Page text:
What is a Desk Appearance Ticket or D.A.T?
Regardless of whether you arrested and charged with Assault in the Third Degree (NY PL 120.00) in Brooklyn, Grand Larceny in the Fourth Degree (NY PL 155.30) in Queens, or Fourth Degree Criminal Possession of a Weapon (NY PL 265.01) for possessing a weapon anywhere in New York City, in certain circumstances the NYPDt can issue you a Desk Appearance Ticket or “DAT.” As a result, it is possible to be released from police custody before every seeing a judge or being formally charged, and to remain at liberty while you a await your arraignment. This means that a person would typically be out of police custody in three to six hours instead of being shipped off to central booking, which can be a harrowing experience. Make no mistake, the fact that a person has been given a DAT instead of being taken directly before a judge does not mean that the charge will be taken any less seriously by the DA’s office or prosecutor, and it does not mean that a person should take that time and opportunity to relax and worry about the case later. At bottom, the charges and potential ramifications of a criminal record and to your career are identical.
The authority to issue or give New York City Desk Appearance Tickets instead of processing an accused through The Tombs and central booking, is based in New York Criminal Procedure Law Article 150. In substance, the statutes contained in Article 150 address what a DAT is, who can issue such a notice, and the means by which it is done.
Despite what some people may believe is true, a Desk Appearance Ticket is not a charging document or a “criminal complaint.” Some people may see “ticket” and equate a DAT to a traffic ticket, which is the actual charging document for a traffic-related offense. However, unlike a traffic ticket where a mistake may mean the difference between a dismissal and a conviction, the same cannot be said for a DAT. That is, a Desk Appearance Ticket in New York City is merely a document issued to advise and inform you of a future date in court. If your name is spelled incorrectly, the section of the New York Penal Law is mistyped or there is some other clerical error, the case against has not been impacted in any way. In fact, if you retain counsel to represent you at your arraignment (the first time you see the judge) for your Desk Appearance Ticket charges, the court will provide your attorney with a charging document called a “complaint” or “information” which is the document that actually matters for these purposes. This document may have additional crimes alleged beyond those contained on the papers the police gave you, or entirely different charges.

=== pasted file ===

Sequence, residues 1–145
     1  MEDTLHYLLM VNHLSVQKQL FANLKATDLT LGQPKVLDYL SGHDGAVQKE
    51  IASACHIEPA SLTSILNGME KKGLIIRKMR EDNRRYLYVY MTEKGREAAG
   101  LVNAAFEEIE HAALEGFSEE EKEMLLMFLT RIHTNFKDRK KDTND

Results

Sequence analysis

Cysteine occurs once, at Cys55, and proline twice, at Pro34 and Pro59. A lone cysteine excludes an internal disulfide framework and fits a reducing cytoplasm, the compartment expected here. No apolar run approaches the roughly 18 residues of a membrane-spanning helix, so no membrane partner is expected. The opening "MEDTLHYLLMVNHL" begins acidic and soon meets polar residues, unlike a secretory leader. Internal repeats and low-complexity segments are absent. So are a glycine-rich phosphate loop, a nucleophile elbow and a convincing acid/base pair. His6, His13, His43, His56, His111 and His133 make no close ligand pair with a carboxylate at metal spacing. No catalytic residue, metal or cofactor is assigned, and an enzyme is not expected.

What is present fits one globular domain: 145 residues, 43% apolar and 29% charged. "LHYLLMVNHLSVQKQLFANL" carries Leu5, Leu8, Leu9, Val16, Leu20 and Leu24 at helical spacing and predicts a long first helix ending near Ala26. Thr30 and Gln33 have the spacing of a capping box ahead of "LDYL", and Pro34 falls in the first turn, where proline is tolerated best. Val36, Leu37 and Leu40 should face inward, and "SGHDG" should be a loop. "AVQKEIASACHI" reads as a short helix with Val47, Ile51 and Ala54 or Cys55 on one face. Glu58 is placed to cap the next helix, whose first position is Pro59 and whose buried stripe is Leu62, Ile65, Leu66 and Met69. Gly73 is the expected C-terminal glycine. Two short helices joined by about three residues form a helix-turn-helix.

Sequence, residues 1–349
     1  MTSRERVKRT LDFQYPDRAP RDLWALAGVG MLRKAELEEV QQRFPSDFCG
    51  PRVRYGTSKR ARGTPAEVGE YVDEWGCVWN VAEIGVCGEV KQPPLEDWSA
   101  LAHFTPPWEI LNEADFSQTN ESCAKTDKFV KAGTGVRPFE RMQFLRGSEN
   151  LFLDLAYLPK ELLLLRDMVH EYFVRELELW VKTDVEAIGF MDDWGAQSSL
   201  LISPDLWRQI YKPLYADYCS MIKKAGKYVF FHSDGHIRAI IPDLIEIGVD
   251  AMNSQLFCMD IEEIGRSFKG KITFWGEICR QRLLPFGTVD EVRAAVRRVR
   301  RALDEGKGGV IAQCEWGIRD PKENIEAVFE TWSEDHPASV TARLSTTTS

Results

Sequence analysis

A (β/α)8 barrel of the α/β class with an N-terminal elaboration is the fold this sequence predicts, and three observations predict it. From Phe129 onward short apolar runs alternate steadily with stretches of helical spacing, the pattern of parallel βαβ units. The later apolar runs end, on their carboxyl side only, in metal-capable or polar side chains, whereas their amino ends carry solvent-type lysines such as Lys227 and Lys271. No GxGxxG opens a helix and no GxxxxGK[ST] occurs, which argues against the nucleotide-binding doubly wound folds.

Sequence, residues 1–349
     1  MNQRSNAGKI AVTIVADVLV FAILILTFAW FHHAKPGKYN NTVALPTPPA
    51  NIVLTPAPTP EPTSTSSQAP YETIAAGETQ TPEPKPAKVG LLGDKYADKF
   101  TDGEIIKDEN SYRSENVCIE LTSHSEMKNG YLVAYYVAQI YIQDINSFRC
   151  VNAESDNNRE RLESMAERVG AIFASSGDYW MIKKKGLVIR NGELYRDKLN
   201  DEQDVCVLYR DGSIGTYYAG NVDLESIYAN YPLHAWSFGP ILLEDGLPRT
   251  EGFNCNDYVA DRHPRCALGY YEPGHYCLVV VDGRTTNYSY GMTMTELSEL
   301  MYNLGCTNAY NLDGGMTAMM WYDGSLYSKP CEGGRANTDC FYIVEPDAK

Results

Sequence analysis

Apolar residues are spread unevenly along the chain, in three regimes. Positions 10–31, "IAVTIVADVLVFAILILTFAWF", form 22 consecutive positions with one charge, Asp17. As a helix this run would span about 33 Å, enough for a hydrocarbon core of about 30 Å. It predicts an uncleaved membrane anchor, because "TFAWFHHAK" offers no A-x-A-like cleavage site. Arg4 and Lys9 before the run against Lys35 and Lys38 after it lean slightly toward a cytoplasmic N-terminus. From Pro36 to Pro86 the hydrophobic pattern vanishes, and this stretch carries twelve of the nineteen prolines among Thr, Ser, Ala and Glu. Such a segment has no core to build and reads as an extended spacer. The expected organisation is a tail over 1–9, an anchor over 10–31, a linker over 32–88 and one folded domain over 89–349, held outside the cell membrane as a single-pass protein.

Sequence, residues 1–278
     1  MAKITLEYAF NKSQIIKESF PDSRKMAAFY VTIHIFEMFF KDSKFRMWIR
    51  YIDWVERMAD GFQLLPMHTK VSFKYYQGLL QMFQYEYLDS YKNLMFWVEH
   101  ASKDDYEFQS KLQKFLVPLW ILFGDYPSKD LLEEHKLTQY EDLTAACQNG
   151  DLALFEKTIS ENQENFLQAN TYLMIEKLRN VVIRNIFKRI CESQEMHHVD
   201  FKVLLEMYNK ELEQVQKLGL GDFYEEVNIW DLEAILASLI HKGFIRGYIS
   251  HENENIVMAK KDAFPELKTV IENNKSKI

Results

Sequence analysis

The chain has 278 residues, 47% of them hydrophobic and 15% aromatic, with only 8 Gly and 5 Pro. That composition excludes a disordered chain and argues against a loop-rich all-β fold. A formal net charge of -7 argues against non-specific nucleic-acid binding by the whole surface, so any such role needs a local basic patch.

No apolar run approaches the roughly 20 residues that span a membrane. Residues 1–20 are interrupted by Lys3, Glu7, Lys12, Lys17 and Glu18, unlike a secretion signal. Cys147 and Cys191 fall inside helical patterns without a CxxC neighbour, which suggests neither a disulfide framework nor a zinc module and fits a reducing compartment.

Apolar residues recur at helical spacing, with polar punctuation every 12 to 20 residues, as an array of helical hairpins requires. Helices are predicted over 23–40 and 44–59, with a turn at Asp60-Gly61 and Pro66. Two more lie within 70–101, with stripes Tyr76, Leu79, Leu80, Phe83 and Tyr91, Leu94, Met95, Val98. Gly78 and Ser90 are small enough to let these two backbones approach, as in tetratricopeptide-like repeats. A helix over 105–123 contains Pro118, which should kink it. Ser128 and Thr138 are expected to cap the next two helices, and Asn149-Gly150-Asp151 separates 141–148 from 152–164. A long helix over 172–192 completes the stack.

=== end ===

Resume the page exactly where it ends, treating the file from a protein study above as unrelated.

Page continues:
Whether or not an arresting police officer decides to give you a DAT is essentially their decision, and there is some discretion involved. However, there are rules and guidelines they must follow, and mistakes can be made. Therefore, seeking the assistance of an experienced criminal defense attorney, even when an officer is talking about issuing a DAT, is still advisable. For example, an officer is not required to issue a DAT if the person has open warrants, if the person has failed to appear in court in the last two years, if the person is not willing to give their contact information, if it’s a domestic violence or sexual assault case, if there’s an order of protection being requested, if it’s a crime like a DWI where the court can suspend a person’s driver’s license in connection with the charges, if the person appears in need of medical or mental health care. Unless one of these factors are present, and unless the person is charged with a class A, B, C, or D felony, a person should generally be issued a DAT instead being held in custody for arraignment, which can often result in an overnight jail stay.
For additional information on Desk Appearance Tickets as well as relevant DAT laws, please review the New York Criminal Lawyer Blog Desk Appearance Ticket section. Beyond these resources, Crotty Saland PC’s NYDeskAppearanceTicket.com is an additional source of information for those arrested in New York City for misdemeanor crimes.
Call our criminal lawyers and former Manhattan prosecutors at (212) 312-7129 or contact us online today.